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Stadia, Google’s foray into cloud gaming, will shut down in January

Has anything in video gaming launched hotter, and returned to Earth harder, than Google Stadia?

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Aizaz khan
Aizaz khan
Aizaz was the first person to get a byline on his blog on technology from his home in Bannu in 2017. Then, he went on to a career in breaking things professionally at my electric sparks which is where he eventually took over the kit as a hardware editor. Today, as the senior editor of hardware for my electric sparks, he spends time reporting about the most recent developments in the hardware industry and technology. If he's not reporting on hardware or electronics, you'll see him trying to be as remote from the world of technology as possible through camping in the wild.

Google’s latest gaming project has ended in failure. The company announced yesterday that its Stadia cloud gaming platform, which lets you stream games like you would a Netflix TV show to various screens and devices, will shut down in January 2023, and the company will refund every hardware and software purchase on the platform. For many industry watchers, it was the inevitable and unfortunate conclusion to arguably Google’s riskiest gaming gamble.

Stadia arrived too early and too half-baked. Although companies have been trying to crack game streaming for years, no company arrived on the scene with as much ambition as Google back in 2019.

  • The company talked a big game and promised scores of impressive features, but the service eventually launched later that year in what felt like a half-finished state.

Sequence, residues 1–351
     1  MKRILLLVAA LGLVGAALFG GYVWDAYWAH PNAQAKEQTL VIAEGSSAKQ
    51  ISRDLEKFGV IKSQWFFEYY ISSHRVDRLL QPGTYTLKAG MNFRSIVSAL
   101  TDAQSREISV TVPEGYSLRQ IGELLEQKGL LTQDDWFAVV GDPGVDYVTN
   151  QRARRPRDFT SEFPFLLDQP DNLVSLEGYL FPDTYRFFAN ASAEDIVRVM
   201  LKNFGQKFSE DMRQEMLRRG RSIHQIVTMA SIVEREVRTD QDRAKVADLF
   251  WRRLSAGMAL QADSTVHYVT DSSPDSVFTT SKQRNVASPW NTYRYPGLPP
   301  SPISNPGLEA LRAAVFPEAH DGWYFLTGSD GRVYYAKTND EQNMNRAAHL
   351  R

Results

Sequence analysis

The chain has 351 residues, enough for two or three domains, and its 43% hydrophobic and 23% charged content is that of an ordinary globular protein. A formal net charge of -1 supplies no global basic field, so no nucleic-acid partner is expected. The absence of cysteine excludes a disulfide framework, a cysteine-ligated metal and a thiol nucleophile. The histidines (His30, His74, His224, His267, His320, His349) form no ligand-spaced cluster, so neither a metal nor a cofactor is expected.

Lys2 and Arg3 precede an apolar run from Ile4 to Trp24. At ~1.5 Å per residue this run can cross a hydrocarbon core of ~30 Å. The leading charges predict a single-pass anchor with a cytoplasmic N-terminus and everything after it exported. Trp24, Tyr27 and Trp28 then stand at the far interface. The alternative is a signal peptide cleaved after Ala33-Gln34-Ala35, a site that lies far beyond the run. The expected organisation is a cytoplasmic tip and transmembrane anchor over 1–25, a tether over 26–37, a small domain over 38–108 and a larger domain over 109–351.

• While other cloud gaming platforms used a variety of business models that allowed consumers to either play games they already owned or those made available via monthly subscription, Stadia’s model asked users to pay full cost for software that worked only on its platform.
  • To make matters worse, Stadia didn’t launch with many of the most attractive elements, including a promised free tier (which launched later) and exclusive first-party games that took advantage of the cloud (those never launched).

Google Stadia’s legacy: The only console to offer refunds

Thursday’s announcement wasn’t shocking for the fact Google was pulling the plug on its vegetative streaming games platform; it was remarkable because Google was offering refunds to anyone who spent money (other than the monthly subscription fee) on the service.

In the end, perhaps the only innovation Google will offer to video gaming is the idea that, when a platform well and truly dies, folks who put skin into their games can expect some money back. Google will shut down Stadia for good on Jan. 18, 2023; anything other than Stadia Pro subscriptions will be refunded, though whether that’s automatic or needs to be claimed is unknown right now. Still, those who bought Google Stadia’s full-price games, expansions, or downloadable content will be compensated, Google said on Thursday.

But it’s doubtful Google’s gaming industry partners will be as grateful as Stadia’s customers. When OnLive went clank in 2015, anyone who bought one of their set-top boxes before February of that year found themselves with an expensive dining table trivet. When Ouya’s vision of bringing Android mobile games to home theater setups imploded in the same year, none that crowdfunded console’s backers got anything back.

The true bottom line here is that if games development is hard, platform development is many multiples harder, and requires as much force of will from its creators as it does vision and capital. Marketing, which includes spiffy GDC keynotes, accounts for zero.

You think back to the earliest days of another tech stock’s ill-advised console venture, how much they paid for exclusives, how much money it lost, how investors and rivals piled on that bad news — it seems like a miracle, 20 years later, that Xbox is even viable, much less the leader in video games streaming and subscriptions. At Google, Stadia was just another expensive experiment.

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